Foundation for Rural & Regional Renewal

Picture this: the year is 1919 and you’re standing on the white sandy beach of Lucky Bay on the Eyre Peninsula coast in South Australia, looking up at the first beach shack to be built on the beach. The sun is warm, the water is perfect, and Lucky Bay is the idyllic holiday spot for the surrounding communities of Cowell, Kimba and Cleve.

Now in the 21st century, there are 125 beach shacks, and families from all around still come to visit the Bay!

The Lucky Bay Shack Owners Association (LBSOA) was established in 1950, and its role is to improve the environment and lifestyle of the Lucky Bay settlement for all residents and visitors to enjoy. This includes making sure the beach and local facilities are ship shape and ready to go for incoming holiday makers who are able to rent the beach shacks, as well as local fishermen and caravanners who use the facilities.

With an active role in the community, LBSOA wanted to do something that would bring some joy and a smile to the faces of the visitors to their little town. After prolonged drought, many locals were finding that holidaying with the family was simply a luxury not afforded, especially with livestock to attend to. But Lucky Bay is only 15 km north of Cowell, which makes it a perfect location for farming families to escape to, while still being able to tend to their farms.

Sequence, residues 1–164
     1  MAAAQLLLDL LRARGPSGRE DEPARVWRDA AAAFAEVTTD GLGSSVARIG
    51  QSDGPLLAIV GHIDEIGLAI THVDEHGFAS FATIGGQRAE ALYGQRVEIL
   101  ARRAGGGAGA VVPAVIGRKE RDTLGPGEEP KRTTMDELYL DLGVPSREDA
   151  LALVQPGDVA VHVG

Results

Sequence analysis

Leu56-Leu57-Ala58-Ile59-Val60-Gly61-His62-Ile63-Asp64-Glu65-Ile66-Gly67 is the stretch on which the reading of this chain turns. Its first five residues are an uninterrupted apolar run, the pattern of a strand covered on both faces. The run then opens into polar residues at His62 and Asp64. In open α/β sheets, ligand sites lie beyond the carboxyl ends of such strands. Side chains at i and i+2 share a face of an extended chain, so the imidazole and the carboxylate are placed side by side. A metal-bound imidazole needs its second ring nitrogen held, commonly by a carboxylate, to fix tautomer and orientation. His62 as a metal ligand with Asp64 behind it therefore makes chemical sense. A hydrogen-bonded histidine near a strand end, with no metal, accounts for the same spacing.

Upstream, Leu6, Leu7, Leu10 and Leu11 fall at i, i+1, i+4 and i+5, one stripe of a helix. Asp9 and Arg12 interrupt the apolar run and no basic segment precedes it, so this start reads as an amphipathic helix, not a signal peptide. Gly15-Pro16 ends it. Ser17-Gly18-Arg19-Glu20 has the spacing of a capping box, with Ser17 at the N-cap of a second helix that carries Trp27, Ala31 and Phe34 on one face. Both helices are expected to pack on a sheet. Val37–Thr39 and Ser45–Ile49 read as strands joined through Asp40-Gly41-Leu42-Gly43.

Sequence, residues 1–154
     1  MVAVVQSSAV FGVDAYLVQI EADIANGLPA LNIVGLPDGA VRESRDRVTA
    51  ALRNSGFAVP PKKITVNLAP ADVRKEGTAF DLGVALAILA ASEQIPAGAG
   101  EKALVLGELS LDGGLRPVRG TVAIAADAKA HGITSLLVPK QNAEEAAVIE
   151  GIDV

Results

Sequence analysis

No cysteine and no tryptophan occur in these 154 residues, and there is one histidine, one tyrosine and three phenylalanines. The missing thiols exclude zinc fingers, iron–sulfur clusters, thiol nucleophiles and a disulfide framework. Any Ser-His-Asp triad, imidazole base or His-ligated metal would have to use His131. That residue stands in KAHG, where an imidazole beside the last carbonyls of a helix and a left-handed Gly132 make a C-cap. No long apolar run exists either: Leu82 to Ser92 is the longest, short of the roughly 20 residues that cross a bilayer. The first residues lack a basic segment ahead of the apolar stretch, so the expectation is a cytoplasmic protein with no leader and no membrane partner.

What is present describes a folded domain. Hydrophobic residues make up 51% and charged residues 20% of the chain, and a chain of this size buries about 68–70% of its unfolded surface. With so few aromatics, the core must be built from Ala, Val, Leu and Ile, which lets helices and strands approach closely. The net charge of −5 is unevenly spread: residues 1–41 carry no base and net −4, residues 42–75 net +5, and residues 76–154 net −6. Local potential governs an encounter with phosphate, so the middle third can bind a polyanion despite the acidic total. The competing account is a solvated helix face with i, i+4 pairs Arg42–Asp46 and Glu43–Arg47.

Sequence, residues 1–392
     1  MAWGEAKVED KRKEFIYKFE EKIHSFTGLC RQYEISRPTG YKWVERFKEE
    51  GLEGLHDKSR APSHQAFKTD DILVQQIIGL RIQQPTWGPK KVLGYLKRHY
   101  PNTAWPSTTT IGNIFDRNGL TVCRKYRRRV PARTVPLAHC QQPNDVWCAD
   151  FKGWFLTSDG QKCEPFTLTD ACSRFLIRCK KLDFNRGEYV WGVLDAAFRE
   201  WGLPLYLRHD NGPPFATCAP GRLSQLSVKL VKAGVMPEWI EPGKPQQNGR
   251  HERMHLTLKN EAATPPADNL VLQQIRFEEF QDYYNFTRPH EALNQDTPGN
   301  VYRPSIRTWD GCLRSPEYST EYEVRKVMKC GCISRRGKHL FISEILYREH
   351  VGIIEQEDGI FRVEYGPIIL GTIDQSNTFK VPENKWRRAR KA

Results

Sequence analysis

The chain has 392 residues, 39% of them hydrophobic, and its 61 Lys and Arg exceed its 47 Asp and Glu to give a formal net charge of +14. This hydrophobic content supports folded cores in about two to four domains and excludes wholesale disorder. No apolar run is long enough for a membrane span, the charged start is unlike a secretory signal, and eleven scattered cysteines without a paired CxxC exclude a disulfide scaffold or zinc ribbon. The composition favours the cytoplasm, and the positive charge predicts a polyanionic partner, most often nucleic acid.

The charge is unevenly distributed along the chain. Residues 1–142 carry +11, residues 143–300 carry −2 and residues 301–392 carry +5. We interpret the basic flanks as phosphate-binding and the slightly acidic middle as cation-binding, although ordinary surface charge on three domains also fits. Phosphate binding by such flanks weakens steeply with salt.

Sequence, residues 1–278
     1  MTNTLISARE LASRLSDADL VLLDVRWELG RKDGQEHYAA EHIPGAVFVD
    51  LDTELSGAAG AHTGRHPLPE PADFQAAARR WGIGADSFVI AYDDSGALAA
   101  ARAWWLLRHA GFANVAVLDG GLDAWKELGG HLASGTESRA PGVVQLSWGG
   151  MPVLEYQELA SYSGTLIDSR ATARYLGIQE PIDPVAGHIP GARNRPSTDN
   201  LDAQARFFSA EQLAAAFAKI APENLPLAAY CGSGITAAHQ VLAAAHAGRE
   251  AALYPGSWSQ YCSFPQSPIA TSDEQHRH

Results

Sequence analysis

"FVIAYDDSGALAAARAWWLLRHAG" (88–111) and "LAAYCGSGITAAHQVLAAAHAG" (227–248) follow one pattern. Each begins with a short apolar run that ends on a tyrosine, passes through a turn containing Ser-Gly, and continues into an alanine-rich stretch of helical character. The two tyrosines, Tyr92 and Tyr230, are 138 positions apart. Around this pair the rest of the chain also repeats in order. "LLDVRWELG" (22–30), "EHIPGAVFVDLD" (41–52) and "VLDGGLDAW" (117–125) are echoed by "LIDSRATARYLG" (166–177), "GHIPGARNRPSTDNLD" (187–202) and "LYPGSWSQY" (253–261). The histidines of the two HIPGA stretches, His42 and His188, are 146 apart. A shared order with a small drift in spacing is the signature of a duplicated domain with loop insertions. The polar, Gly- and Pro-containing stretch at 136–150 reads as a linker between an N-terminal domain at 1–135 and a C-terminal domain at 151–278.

Safe play = laughing children and happy parents

LBSOA sought funding from FRRR through the Tackling Tough Times Together (TTTT) program to support their ‘Laughter at Lucky Bay’ project, which would see a three staged plan to make the holiday destination more enticing by developing a child safe playground and surrounding facilities for parents and adults to enjoy.

Funded by the Australian Government, LBSOA received a $51,597 TTTT grant towards stage one of the plan: the purchase of new playground equipment, shade structures, soft fall sand, and fencing.

LBSOA’s President Sue Chase said they were overwhelmed by the community response, once they saw the works underway.

“What we were most astounded by is people’s enthusiasm to participate in working bees, and I think this stemmed from them seeing the playground come to life. Many people in the community provided their time to get the playground up and running. We are also proud of the funds we have raised. Our first ambition was to raise enough funds to contribute our share to the ‘Laughter at Lucky Bay’ playground project. However, we were amazed at the success of our fundraising, which, together with the other grants we received, allowed us to construct a shelter and install a BBQ shed and storage area near the playground,” she said.